Gas caps get lost all the time, the most common causes are vibrating mowers shaking the cap loose, and either getting mowed or lost in the long grass.
Mower gas caps are not universal, however, many caps may be interchangeable. A mower gas cap allows the mower gas tank to breathe and as such a properly fitting cap is important.
In this post, you’ll learn about the most common type of gas caps and why fitting the correct one is important.
Types Of Mower Gas Caps
No matter which gas cap type your mower has, it needs to do three important jobs, prevents gas spills, keeps crap out, and vent the tank. The first two are obvious, but the venting may be news to some. Air must replace gas as it leaves the tank. A vented cap allows your mower gas tank to breathe, and that’s important.
A blocked gas cap is a common cause of engine stall, (more on this below).
Two types of mower gas caps are common:
- Winged cap
- Threaded cap
No matter which type your mower has, it needs to be vented.
The winged gas cap is typically metal and fitted to a metal gas tank, it’s less common than the plastic threaded cap. they are commonly fitted to stationary engines but you may find them on some mowers. These caps are not universal, that said it’s not uncommon for one engine’s gas cap to fit another.
Winged Gas Cap
Plastic Threaded Caps
Plastic threaded caps are more common, especially on lawnmowers and lawn tractors. They are not universal and although you may find a cap from one mower model does in fact fit another. That said, a poor sealing gas cap may cause fuel to seep out around the filler neck. A gas spill is obviously a fire risk but also an environmental hazard.
Mower gas caps incorporate a rubber seal. If the seal doesn’t meet and tighten snugly around the filler neck, gas will leak.
Threaded Gas Cap
Gas Tank Needs to Breath
A is a cap, right? No, it’s a little more sophisticated than that. All mower caps need to be vented. A sealed cap will cause the engine to stall and will prevent restarting. I’m a mechanic for over twenty years and I’ve seen this scenario play out a ton, goes like this – the gas cap gets lost and the resourceful owner repurposes an old oil can cap, which actually fits quite well.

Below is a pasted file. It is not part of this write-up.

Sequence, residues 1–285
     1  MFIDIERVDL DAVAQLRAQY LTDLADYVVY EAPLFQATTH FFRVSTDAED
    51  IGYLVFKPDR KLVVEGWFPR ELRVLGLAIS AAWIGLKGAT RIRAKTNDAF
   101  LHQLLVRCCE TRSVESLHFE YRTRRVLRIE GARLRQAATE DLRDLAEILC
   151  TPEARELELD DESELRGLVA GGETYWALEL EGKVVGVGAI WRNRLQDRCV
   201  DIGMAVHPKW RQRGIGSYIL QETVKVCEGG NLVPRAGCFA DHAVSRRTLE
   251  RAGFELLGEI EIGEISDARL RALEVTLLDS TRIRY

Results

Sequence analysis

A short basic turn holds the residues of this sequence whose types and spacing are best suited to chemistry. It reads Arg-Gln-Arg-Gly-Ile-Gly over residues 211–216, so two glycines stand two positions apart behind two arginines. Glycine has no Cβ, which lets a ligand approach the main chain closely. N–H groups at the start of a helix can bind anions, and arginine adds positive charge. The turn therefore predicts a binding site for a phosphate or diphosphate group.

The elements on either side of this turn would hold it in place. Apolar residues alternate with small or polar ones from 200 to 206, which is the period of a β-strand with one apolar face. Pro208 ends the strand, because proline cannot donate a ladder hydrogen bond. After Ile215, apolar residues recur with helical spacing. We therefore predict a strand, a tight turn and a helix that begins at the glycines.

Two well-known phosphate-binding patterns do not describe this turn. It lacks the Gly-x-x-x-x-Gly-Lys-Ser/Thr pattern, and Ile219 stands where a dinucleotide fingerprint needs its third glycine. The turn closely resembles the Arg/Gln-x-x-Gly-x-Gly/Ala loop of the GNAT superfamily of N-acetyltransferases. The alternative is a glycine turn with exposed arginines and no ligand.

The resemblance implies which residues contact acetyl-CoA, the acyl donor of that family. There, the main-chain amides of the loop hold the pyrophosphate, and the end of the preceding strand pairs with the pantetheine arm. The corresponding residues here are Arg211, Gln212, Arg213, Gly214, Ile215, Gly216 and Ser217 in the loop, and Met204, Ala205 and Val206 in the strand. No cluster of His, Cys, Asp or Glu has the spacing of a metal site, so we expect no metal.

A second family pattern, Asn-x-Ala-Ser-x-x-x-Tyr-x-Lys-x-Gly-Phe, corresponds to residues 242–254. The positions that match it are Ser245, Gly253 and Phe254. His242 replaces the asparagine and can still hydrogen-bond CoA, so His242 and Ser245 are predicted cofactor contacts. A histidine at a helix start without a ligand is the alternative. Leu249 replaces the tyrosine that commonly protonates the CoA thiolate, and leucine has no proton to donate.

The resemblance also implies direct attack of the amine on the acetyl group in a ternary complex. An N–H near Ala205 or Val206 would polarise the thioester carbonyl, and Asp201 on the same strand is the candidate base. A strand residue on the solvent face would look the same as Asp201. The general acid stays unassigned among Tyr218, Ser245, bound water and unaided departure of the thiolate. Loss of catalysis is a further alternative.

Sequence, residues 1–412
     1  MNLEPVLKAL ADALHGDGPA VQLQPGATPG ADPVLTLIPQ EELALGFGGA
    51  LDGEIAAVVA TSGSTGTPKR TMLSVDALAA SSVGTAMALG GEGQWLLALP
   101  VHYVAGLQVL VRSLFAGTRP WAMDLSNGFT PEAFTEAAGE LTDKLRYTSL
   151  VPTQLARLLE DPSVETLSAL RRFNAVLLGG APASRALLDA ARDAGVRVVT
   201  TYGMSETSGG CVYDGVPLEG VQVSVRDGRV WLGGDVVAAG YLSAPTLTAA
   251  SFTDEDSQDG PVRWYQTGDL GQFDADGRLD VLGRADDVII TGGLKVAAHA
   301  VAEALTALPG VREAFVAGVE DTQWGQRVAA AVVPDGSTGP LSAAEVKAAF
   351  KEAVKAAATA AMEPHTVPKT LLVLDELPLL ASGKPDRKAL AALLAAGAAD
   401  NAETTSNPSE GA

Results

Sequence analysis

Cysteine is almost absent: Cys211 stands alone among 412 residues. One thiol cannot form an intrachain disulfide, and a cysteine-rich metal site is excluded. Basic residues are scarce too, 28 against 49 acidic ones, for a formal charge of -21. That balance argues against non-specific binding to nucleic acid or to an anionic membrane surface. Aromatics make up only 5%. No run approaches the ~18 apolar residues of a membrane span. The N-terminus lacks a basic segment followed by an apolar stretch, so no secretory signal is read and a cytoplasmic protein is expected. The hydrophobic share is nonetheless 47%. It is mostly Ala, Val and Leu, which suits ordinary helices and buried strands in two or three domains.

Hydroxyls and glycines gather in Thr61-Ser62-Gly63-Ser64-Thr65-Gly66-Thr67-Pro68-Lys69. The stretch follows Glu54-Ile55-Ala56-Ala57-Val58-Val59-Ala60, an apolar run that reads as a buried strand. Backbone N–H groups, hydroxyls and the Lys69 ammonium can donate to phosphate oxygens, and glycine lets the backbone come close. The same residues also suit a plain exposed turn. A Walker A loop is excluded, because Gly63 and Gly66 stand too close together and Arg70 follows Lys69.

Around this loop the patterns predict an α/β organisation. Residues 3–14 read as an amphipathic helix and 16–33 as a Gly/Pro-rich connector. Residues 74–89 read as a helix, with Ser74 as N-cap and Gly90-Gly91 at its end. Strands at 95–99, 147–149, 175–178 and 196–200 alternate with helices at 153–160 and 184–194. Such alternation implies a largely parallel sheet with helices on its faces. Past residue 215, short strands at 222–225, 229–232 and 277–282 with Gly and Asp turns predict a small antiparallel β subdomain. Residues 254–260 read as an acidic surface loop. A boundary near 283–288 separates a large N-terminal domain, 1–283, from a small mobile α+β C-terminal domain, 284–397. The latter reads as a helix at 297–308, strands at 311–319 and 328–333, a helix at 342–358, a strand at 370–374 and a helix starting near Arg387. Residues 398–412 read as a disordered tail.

Vented Gas Cap
Happy with their repair, they proceed to cut grass only to have the engine stall ten minutes later. Several attempts to start the engine fail. The owner tops up the gas tank and the mower starts again without issue but stops again in another ten minutes. The fuel system is air locking, the old oil cap seals the tank tight causing the flow of gas to the carburetor to slow down and eventually stop.
Piercing a hole in the makeshift oil cap would fix the stalling issue, but fuel would soon seep from around the pierced hole and that’s both an environmental and a fire hazard.
If you’re interested as to how much gas is spilled every year, check out this post “How to reduce mower pollution”, the answer genuinely surprised me.
MacGyver Type Gas Cap
Covering the gas tank filler neck with plastic is another common MacGyver fix that will cause the same problems. Proper gas caps are designed to breathe while preventing leaks and keeping crap out.
Common symptoms of a bad gas cap include:
- Engine surging
- Engine starts then stalls
- Engine stops after thirty minutes cutting and won’t restart
If you need a mower cap, check out the Amazon link below.Amazon Lawnmower Gas Caps
If you are that MacGyver, you might like the video repair section. It covers common mower repairs the homeowner can easily fix, video page includes relevant links to parts and tools you’ll need to nail the repair.
- About the Author
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John Cunningham is an Automotive Technician and writer at Lawnmowerfixed.com.
He’s been a mechanic for over twenty-five years and shares his know-how and hands-on experience in our DIY repair guides.
Johns’s fluff-free How-to guides help homeowners fix lawnmowers, tractor mowers, chainsaws, leaf blowers, power washers, generators, snow blowers, and more.